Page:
Did you know that when sugar (glucose) attaches itself to our cells, in particular the protein and fat portion, it ‘glycates’ them, creating ‘advanced glycation end-products’, also coined ‘ages’ – and that is what they do, they literally ‘age’ us from the inside out. Much like a burger placed on a grill, we ‘rust’ or ‘brown’ our own cells (11, 12). 

 

Eating a diet high in refined sugars has further been shown to contribute to negatively impact our hunger and satiety levels. Ever heard of the term ‘hangriness’, where one is that hungry that they become unbearably angry, and

 

‘MUST EAT NOW’?

 

This phenomenon has become that common that we almost accept is as being ‘normal’. However, this in fact is a sign that we are on a blood sugar roller coaster of spikes, followed by dips, that make us cranky and ravenously searching for the next sugar hit.

Not to mention that sugar lights up the same reward parts of the brain that get stimulated when consuming drugs – leading to dopamine hits in the short run, and addictive behaviour to high sugar foods in the longer run.

Excess sugar consumption has even been linked to the development of Alzheimer’s, with Alzheimer’s being coined as ‘type 3 diabetes’ in some research communities, due to its high correlation with insulin resistance (and sugar consumption).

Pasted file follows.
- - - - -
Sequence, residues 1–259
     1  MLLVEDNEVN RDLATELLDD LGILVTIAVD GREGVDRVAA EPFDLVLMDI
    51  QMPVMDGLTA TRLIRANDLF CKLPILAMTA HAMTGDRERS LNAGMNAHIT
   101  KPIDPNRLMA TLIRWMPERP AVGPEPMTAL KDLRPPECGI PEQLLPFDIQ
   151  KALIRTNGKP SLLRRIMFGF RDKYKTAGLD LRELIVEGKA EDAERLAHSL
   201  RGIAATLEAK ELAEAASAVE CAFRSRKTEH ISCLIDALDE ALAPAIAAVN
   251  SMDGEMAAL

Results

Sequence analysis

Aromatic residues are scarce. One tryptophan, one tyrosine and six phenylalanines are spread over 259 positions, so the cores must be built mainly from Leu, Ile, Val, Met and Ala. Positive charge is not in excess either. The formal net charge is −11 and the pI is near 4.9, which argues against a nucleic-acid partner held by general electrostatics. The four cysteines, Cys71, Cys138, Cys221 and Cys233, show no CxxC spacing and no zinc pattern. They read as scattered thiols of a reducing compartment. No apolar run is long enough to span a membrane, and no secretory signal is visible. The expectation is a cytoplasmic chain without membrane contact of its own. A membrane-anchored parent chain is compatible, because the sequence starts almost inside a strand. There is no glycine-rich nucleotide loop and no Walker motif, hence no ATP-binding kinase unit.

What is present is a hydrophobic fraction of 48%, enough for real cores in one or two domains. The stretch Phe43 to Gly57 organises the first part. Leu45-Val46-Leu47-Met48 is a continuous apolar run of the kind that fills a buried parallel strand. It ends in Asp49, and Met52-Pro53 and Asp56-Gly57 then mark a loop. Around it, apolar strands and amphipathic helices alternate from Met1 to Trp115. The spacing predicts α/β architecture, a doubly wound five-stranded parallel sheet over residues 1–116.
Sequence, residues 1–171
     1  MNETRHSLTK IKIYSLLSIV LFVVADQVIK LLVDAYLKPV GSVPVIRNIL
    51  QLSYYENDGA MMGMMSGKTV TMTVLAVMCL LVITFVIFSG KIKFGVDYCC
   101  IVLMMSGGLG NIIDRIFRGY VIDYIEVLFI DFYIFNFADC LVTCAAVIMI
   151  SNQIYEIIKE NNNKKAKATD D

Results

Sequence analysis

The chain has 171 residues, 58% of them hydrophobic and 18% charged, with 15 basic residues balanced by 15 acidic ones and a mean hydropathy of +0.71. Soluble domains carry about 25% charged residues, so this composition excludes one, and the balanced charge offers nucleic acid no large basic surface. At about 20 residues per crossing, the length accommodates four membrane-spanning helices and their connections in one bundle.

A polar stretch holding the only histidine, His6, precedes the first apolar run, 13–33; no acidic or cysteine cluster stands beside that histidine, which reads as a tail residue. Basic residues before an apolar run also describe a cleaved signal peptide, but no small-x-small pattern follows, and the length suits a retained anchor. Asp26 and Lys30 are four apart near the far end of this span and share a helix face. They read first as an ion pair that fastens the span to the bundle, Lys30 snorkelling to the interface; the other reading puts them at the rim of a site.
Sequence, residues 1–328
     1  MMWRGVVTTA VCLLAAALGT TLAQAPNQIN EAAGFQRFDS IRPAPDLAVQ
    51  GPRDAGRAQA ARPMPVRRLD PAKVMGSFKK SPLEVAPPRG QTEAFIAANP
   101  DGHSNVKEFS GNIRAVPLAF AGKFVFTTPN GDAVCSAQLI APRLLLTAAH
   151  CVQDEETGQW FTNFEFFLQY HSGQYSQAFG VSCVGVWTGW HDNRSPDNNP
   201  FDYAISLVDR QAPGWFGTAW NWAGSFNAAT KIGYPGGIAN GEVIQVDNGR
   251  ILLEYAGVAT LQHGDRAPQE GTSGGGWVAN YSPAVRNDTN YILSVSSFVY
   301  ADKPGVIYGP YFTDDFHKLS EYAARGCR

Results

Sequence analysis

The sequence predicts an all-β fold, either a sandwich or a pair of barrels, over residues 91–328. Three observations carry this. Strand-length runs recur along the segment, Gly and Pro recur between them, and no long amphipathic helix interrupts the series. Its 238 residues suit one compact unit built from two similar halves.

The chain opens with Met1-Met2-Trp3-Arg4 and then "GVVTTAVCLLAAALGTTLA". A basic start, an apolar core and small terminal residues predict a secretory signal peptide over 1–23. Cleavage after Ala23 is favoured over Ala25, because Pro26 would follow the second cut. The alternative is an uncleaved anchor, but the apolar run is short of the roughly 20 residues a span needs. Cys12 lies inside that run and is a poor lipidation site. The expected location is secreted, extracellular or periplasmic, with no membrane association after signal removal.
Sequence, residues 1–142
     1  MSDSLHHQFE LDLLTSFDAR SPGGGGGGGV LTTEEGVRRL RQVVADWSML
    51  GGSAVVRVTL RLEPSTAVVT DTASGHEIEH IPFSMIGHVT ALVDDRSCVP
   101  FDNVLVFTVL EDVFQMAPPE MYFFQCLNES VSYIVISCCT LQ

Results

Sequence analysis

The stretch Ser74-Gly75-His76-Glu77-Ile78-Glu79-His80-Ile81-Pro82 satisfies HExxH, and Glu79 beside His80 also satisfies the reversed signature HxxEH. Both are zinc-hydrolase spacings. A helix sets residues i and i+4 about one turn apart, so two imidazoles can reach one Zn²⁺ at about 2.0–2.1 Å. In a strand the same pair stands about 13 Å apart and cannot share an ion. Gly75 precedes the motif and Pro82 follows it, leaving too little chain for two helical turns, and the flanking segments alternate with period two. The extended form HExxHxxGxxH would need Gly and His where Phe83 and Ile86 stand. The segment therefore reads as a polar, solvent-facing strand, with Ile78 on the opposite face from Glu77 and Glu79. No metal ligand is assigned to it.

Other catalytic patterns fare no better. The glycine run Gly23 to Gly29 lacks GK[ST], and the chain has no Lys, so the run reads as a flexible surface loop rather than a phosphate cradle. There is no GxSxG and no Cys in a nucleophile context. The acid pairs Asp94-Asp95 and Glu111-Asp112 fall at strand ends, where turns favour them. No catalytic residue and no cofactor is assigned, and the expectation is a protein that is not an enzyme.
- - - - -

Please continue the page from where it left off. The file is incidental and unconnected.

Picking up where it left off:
Meh. So yes, excess sugar really is that bad!

But what about sugar substitutes?

Due to the many ill health effects of sugar consumption, a lot of research effort has gone into finding solutions. One of them seemingly being sugar substitutes.

Examples being erythritol, aspartame, stevia, sucralose (Splenda®).

 

These provide a sweet taste, yet little to no calories, and supposedly very little effect on blood sugar. Aspartame for example, as found in diet coke and products labelled as ‘diet’ or ‘no sugar’, while about 200 times sweeter than sugar, its calorific value, at the concentrations giving the impression of sweetness, is almost zero (13) . Sucralose (found in Splenda ®) is about 600 times sweeter than regular sugar, but with seemingly no effect on blood sugar.

 

Wonderful, now let’s get back to slurping coke all day, eating bagels and chewing gums – but the diet version of course, you may think?

 

You aren’t alone in your thought process. That same reasoning is what the billion dollar industry of ‘zero sugar’ and ‘diet products’ is based on. And while there may be some benefits to substituting sugars and lowering overall sugar and caloric intake, sadly research over the past years has shed light on potential negative health outcomes of some of these substitutes.

The real facts on aspartame